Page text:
Texte paru dans: / Appeared in:
Fanfare Magazine: 10:3 (01-02/1987)
Pour s'abonner / Subscription information
Les abonnés à Fanfare Magazine ont accès aux archives du magazine sur internet.
Subscribers to Fanfare Magazine have access to the archives of the magazine on the net.

Harmonia Mundi

Code-barres / Barcode : 3149020846452


Outil de traduction (
Translator tool


Reviewer: Edward Strickland


The CD is a 60:30 set of excerpts from the three-LP set, offering more than 40% of its material. Although the set does not mention digital recording, the CD bears the familiar tri-ple-D brand on its rear.

Robert de Visée taught Louis XIV guitar and often serenaded the king to sleep. More importantly, he was one of the great masters of composition for plucked instruments in the French Baroque, instrumental in the overthrow of the stately (and native) lute by the foreign upstarts theorbo and guitar, from Italy and Spain respectively. Four years ago I received an Astrée disc of Hopkinson Smith's performances of the theorbo works, the melancholy tone of which I found irresistible. The Harmonia Mundi recording, in both CD and LPs, is equal to the excellent engineering of the Astrée, but I have to confess a prejudice against the Baroque guitar in terms of timbre. The instrument, of course, is considerably smaller than the modern guitar, and I find its tone just thin enough to wear on me after 10 minutes or so. The interpreter, however, is more than commendable, and his commitment to the music is evident throughout. As compared to the theorbo works, these are lighter in spirit, blither and less ponderous for the most part, with moments of ruminative relief in the Sarabandes, Passacailles, and elsewhere.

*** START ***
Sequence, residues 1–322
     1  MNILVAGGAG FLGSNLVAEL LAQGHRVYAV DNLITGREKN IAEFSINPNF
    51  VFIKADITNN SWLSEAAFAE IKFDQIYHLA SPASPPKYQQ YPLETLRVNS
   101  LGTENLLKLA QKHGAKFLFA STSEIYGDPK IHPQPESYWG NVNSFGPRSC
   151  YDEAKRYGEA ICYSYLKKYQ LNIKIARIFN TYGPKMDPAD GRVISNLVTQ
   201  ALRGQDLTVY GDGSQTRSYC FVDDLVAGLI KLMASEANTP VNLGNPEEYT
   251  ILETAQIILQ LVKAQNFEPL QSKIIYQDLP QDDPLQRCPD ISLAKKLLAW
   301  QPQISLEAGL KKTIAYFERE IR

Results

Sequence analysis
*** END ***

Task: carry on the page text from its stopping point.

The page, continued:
Most of these works were published in two books in 1682 and 1686, but the composition of many far predate those publications. Others were drawn from manuscripts by Andia, who rejected works he regarded as obviously falsely attributed, dubious in authenticity, or error-ridden. The completed suites indicate the extent to which the ordering of movements had yet to be standardized in the mid-Baroque: the Preludes are generally followed by the usual Alle-mande-Courante(s)-Sarabande, but the Gigues (and/or Passacailles) tend to be placed immediately afterwards, with the galanteries last, rather than framed by the Sarabande and Gigue.

Specialists will want the three discs. For most, the CD will fill the bill under de Visée, when coupled with the Smith theorbo program.

Fermer la fenêtre/Close window


Cliquez l'un ou l'autre bouton pour découvrir bien d'autres critiques de CD
 Click either button for many other reviews